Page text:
Scoring Chords

The overtone series has traditionally been used as a model for spacing and doubling in voicing chords, thus providing a balanced and stable sonority. The upper partials appear in close position, with more distance between the lower tones. Of the first sixteen partials, five are roots, three are fifths, and two are thirds. Unless a unique, striking sonority is desired, avoid top-heavy or bottom-heavy chords, and place the majority of the instruments in the middle range.  Be certain to provide sufficient weight on the third of each chord to avoid the hollow sound that results from emphasis on octaves and fifths.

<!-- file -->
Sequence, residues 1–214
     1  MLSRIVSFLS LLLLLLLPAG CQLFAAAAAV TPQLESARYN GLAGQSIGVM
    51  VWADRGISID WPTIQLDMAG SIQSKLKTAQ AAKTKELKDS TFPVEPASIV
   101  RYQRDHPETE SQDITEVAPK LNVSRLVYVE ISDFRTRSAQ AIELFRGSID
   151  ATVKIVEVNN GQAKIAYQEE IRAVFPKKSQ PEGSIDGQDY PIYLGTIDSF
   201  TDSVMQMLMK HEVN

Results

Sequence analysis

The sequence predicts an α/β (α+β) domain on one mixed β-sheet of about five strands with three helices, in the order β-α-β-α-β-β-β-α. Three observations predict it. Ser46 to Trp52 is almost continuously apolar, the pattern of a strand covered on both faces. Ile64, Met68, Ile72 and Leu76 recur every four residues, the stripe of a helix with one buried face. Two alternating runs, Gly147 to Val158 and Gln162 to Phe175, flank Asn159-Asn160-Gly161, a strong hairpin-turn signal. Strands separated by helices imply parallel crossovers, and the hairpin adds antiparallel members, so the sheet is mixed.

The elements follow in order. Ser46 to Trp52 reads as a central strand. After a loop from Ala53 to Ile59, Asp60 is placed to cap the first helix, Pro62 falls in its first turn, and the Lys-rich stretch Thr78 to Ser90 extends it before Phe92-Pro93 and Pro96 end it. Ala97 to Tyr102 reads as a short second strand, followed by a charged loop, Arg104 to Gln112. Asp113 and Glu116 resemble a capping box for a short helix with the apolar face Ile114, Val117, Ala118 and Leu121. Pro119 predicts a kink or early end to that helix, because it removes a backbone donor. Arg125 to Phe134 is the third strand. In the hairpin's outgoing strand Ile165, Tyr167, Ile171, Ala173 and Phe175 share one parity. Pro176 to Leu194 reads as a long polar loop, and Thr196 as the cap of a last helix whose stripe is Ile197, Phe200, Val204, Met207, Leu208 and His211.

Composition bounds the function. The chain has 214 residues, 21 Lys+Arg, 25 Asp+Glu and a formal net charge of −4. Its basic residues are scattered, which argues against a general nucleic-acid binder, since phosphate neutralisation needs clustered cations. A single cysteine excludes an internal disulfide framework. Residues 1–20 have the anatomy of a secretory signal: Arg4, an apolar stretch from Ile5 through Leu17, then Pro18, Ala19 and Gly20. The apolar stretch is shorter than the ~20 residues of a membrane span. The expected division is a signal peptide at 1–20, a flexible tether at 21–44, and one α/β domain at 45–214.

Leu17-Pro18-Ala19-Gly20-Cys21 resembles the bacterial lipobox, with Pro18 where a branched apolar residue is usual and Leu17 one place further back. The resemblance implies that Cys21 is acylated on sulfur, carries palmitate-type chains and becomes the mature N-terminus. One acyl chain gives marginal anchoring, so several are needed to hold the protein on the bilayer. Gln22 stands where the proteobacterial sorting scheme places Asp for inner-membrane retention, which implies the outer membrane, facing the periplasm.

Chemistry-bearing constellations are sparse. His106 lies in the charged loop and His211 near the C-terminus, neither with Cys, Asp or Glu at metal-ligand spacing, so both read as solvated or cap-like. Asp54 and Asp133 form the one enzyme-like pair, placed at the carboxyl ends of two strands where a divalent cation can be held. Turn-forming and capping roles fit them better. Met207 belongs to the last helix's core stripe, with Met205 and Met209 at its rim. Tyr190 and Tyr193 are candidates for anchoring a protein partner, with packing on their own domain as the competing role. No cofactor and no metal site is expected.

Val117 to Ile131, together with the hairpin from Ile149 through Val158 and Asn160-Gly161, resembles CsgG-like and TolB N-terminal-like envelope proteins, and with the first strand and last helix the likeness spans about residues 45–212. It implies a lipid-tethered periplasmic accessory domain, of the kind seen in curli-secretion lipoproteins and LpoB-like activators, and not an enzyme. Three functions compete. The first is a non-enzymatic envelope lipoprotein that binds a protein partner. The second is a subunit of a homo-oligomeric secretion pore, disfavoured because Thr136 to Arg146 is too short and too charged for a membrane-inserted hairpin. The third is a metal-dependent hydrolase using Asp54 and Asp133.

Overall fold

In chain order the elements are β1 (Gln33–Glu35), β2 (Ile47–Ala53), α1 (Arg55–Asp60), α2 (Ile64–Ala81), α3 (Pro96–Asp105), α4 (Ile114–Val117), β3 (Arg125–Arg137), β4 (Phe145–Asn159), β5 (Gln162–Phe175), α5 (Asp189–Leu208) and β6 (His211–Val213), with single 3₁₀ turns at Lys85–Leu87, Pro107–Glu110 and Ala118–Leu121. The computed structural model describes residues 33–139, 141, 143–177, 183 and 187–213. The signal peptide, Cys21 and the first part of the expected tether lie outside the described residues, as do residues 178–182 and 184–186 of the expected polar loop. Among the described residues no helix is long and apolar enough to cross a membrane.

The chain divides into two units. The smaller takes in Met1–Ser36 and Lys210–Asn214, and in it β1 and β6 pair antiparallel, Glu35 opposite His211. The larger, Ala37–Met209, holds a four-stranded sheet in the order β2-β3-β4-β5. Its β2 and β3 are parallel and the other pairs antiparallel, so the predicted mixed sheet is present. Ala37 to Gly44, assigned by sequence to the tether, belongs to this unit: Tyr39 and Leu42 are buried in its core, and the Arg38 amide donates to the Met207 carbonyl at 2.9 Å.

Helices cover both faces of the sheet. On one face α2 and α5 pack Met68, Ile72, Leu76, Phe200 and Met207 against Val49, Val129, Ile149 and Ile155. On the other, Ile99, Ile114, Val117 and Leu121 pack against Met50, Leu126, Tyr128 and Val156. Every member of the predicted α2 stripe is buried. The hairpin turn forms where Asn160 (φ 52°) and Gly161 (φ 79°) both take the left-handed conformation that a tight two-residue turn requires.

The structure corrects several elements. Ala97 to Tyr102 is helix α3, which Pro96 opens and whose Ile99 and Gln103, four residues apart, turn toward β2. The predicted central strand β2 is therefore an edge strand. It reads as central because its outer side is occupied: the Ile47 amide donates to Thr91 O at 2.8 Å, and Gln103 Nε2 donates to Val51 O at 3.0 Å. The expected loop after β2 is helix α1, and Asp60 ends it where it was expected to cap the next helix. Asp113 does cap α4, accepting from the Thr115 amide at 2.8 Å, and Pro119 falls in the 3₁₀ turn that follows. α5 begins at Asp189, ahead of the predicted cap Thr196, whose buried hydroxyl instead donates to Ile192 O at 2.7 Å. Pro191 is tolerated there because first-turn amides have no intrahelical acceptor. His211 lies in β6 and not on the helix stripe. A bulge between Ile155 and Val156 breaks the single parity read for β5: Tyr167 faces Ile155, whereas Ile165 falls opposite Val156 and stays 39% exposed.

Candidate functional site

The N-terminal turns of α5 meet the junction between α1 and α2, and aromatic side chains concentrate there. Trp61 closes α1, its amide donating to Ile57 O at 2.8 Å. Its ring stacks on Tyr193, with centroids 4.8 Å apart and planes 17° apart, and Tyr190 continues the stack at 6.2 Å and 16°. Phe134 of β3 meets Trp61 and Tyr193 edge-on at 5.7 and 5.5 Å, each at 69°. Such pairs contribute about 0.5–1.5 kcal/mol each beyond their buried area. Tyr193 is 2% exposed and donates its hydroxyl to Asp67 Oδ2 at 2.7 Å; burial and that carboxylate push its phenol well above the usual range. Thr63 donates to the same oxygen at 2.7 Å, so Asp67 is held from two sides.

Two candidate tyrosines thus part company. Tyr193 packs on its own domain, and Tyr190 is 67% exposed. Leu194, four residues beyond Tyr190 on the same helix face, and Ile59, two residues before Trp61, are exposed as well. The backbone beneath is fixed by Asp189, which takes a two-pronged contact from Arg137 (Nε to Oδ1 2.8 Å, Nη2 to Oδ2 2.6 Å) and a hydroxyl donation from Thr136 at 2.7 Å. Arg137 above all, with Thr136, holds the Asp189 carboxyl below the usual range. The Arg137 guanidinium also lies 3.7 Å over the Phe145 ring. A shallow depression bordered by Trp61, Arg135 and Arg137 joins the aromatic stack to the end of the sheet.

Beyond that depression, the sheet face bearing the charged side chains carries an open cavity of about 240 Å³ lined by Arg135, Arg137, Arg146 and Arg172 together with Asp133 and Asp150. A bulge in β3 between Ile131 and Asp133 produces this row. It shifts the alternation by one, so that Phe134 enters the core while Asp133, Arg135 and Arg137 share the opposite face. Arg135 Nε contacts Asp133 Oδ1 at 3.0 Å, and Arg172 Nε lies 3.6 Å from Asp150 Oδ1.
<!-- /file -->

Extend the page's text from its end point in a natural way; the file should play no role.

Fig. 7.1 Scoring chords for orchestra: (a) moderate, (b) bright, (c) dark


Consider the sound space as though it were a landscape. There should be peaks and valleys, analogous to pitches in the extreme upper and lower ranges. When there are several instruments in the higher range, an anchor should be provided with a strong low bass to avoid a brittle sound. Differentiate the foreground and background by varied tone colors, dynamics, and degrees of intensity. A good orchestration creates dimensions in the sound space in a manner that enhances the musical ideas presented.